Morrison and Chapman’s account emphasizes the differences in perspective between weaponeers and astronomers, ending with a comparison of Teller’s demeanor to that of the easy-going, well-liked, and equally eminent astronomer Gene Shoemaker. (Shoemaker as in "Shoemaker-Levy 9.")

The distinction between weaponeers and astronomers is relevant here — after all, DOE and ROSATOM are largely weaponeers. And there is a good case to be made that, for now at least, the threat posed by asteroids is really an astronomy problem.

There are, of course, some hypothetical scenarios in which a nuclear explosive might be the best solution to an asteroid barreling toward our little planet. (That’s the thing about hypothetical scenarios.) But the likelihood of a very large asteroid impact is extraordinarily small to begin with, and the scenarios in which a nuclear explosive would be necessary are those in which we would see the asteroid in time to act, but not with so much time that we could fashion a non-nuclear response. This is a vanishingly small subset of an already unlikely class of threats.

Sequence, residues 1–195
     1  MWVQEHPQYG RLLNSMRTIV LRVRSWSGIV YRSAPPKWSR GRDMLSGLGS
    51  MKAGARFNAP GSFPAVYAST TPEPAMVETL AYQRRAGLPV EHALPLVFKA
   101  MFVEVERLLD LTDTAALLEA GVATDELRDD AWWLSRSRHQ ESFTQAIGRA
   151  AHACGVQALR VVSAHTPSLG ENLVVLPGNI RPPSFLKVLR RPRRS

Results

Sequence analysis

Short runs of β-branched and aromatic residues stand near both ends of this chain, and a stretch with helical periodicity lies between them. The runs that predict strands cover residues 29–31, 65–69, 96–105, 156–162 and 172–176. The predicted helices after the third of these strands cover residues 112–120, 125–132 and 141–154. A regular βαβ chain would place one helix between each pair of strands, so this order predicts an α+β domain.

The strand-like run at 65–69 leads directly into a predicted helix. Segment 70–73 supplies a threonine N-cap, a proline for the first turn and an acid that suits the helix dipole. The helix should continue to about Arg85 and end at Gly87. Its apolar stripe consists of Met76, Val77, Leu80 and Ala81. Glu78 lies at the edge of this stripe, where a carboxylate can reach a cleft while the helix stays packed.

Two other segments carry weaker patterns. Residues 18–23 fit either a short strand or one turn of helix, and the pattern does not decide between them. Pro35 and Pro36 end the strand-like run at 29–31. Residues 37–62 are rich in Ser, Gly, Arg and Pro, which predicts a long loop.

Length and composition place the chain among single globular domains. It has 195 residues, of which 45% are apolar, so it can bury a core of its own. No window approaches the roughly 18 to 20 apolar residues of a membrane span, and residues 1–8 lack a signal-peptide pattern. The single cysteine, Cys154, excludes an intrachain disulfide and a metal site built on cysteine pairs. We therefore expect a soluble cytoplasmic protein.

The real problems are the asteroids that we won’t see until after they hit us. The meteor that exploded over Russia in February struck out of the blue. And a system of nuclear interceptors is of no use against asteroids we can’t detect.

Our current efforts to scan the heavens have eliminated, according to Morrison, about 80 percent of the asteroid risk. Being able to deal with the next 10 percent requires much larger investments in space surveillance, particularly new telescopes like the $390-million Large Synoptic Survey Telescope (LSST) that the National Science Foundation and DOE are about to start building in Chile. This is an important project — much more so than funding some boondoggle to sample vodka in Snezhinsk or Sarov. It is also in real budgetary peril because of sequestration. "I’ve been told we are a high priority for both agencies," U.C. Davis Professor and LSST Director Tony Tyson told Science magazine, "but it’s hard to read the political tea leaves."